Country Report: Mexico


Mexico’s defense secretary deployed the national guard to reinforce a security operation to curb violence in Tijuana. Photograph: Jorge Dueñes/Reuters


In 1969 US President Nixon declared an American “War on Drugs.” Since then, the US has spent over one trillion dollars on this “war.” In 2006, Mexico joined the “war” to take political control away from drug cartels. Through its Mérida Initiative the US appropriated $1.4 billion from 2008 to 2010 to Mexico for military and law enforcement training and equipment. The “War on Drugs” has failed. The cartels have taken over whole Mexican states and have corrupted many others. Mexico has recorded more than 300,000 homicides since 2006. Mexico has one of the world’s highest rates of femicide and attacks on journalists.  In the US, the “War on Drugs” has resulted in mass incarceration of drug offenders, especially black men.

Mexico’s populist president, Andrés Manuel López Obrador has actively undermined democratic institutions. He verbally attacks critics of his administration, including journalists, feminists, and human rights defenders. Impunity and corruption pervade all levels of government and law enforcement. Over 98% of crimes in the country go unsolved. Human rights violations seldom result in arrests. Many crimes go unreported. 

Since the rise of drug cartels in the 1970s, it is estimated that between 40% and 65% of all homicides in Mexico are related to organized crime. Violence caused by turf wars between cartels has displaced tens of thousands of people. Cartels regularly engage in extortion, kidnapping, rape, torture, murder, and massacres of civilians. Migrants from Central America are particularly vulnerable to cartel violence. Corruption and collusion with cartels among law enforcement personnel has ensured that those involved in organized crime are treated with impunity.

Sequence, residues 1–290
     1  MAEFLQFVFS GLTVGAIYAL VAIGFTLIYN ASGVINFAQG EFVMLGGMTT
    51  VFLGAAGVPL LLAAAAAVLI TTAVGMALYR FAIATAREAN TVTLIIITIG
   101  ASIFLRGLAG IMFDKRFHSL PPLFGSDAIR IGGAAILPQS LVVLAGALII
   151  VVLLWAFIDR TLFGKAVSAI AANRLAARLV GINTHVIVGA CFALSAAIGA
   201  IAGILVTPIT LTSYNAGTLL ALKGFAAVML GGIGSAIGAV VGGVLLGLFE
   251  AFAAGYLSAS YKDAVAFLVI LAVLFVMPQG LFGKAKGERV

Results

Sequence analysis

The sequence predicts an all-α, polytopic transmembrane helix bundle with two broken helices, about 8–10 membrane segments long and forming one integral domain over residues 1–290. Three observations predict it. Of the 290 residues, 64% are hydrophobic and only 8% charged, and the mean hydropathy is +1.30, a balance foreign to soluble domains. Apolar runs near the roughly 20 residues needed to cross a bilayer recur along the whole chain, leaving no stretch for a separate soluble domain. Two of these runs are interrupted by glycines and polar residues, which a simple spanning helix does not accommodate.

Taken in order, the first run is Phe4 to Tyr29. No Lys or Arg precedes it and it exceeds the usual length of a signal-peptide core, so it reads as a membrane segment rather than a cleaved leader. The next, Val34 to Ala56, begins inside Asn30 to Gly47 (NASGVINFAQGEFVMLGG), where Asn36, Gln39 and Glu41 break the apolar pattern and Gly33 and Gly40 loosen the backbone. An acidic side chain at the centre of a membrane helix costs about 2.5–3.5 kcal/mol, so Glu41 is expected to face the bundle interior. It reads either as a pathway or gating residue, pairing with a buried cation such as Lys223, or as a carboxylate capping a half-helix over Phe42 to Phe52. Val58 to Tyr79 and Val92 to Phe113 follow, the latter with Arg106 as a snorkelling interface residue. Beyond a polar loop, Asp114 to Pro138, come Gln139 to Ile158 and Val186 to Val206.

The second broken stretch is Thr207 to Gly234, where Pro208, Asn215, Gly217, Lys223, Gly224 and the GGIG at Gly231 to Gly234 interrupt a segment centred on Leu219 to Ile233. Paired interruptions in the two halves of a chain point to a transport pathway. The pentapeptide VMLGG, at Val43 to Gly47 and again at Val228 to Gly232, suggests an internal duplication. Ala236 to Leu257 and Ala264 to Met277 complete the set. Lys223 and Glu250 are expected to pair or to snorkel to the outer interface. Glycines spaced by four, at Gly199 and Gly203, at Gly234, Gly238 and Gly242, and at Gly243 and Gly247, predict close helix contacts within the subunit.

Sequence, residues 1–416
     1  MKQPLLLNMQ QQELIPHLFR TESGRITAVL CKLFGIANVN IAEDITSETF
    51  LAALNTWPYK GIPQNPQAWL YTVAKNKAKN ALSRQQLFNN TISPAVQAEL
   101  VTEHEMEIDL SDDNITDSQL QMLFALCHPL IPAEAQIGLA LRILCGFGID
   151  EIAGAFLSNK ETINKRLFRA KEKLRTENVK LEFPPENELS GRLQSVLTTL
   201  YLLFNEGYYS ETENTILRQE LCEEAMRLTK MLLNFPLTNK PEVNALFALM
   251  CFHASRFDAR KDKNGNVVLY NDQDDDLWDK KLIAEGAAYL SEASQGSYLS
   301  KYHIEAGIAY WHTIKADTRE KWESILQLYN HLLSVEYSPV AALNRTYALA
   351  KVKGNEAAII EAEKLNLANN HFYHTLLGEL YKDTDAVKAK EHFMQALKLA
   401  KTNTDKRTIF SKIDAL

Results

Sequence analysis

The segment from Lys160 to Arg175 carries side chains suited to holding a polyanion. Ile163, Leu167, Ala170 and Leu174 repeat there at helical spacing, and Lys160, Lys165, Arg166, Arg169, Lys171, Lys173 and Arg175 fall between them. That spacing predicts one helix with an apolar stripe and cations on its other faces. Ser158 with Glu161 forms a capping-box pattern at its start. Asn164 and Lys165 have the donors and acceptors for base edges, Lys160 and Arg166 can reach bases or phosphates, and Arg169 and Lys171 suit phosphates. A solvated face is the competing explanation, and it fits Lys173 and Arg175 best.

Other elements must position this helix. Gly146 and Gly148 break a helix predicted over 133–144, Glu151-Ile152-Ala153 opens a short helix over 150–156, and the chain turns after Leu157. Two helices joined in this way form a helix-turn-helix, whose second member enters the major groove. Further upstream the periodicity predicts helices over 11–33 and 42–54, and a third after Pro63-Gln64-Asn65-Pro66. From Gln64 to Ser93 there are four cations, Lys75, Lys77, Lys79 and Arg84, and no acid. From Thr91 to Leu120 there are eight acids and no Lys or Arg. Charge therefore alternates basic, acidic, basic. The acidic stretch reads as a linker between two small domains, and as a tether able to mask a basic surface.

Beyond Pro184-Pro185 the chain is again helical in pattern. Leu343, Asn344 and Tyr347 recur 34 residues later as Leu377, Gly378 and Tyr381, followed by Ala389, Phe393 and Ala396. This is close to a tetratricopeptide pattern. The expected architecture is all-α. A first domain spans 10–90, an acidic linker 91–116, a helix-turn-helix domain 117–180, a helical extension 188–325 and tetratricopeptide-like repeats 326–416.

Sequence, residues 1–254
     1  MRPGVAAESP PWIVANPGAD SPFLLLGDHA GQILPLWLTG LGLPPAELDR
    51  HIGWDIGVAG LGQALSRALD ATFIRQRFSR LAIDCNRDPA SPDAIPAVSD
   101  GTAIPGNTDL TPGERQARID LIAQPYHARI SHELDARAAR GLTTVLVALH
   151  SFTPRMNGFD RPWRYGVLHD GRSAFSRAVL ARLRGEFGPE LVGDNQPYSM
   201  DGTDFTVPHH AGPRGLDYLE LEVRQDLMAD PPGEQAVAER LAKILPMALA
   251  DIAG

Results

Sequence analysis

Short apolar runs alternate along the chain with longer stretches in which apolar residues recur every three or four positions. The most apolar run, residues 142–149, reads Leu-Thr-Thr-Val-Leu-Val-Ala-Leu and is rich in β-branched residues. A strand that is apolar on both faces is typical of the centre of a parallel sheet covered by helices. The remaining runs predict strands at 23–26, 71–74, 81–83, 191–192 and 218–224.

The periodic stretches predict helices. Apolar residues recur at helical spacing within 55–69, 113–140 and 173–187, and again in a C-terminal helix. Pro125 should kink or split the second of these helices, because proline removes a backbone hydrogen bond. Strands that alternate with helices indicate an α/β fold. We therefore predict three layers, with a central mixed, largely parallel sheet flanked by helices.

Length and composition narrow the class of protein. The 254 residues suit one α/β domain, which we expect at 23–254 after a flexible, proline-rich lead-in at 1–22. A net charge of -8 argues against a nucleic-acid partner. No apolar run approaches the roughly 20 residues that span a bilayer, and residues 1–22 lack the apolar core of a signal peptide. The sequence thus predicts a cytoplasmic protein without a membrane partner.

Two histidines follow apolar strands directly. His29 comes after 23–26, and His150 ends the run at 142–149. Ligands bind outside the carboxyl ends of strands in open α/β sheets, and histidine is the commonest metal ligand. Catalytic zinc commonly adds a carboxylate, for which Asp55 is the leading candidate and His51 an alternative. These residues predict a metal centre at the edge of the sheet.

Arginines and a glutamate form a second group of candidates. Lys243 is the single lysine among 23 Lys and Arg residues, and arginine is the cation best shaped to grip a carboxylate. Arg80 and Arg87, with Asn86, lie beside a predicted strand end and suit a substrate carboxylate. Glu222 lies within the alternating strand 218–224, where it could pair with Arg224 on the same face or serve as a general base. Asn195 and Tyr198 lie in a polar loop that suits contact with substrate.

In 2021 Mexico had at least 1,004 cases of femicide – the murder of a woman because of her gender. Femicide is inherently genocidal because it constitutes the intentional destruction of part of a national group. Femicides are not isolated incidents but rather the product of a “macho” society that has normalized violence against women. A femicide unit formed in Mexico City in 2020 has reopened hundreds of cases. The number of disappeared and missing people in Mexico since 1990 has reached 100,000, 25% of whom are women and girls.

Indigenous peoples in Mexico continue to face discrimination, violence, dispossession of land, and lack of access to housing and healthcare, which has left their communities especially vulnerable to the COVID-19 pandemic. An estimated 70% of Indigenous people in Mexico are living in poverty. 70% of human trafficking victims are Indigenous women. The Zapatista Army of National Liberation (EZLN) was organized in Chiapas in 1994 to support Indigenous empowerment.  

Mexico is one of the most dangerous countries in the world to practice journalism. At least 15 journalists have already been murdered in 2022. Since Obrador became president, attacks on journalists have increased by 85%. In 2021, there were 664 documented attacks, with government officials directly linked to 274 incidents and organized crime linked to 42. Obrador verbally attacks journalists during his morning briefings.  

The domination by drug cartels in many states, the prevalence of violence against women and femicide, the routine impunity that follows human rights abuses, the systemic oppression of Indigenous peoples, and official attacks on journalists are evidence of Stage 3: Discrimination, Stage 4: Dehumanization, Stage 5: Organization, Stage 6: Polarization, and Stage 8: Persecution. 

Genocide Watch Recommends: 

  • The Organization of American States should establish an OAS Criminal Court and international police force with the authority to arrest and try international criminals and corrupt officials and police.

  • The Mexican government should establish femicide units in each state police force.

  • Mexico should establish women’s shelters where women can escape from domestic violence. 

  • Mexico should establish safe corridors for Central American migrants seeking asylum in the United States.  

  • Mexico should devote resources to help Indigenous people gain access to housing and healthcare.


Mexico Country Report 2022
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© Genocide Watch 2022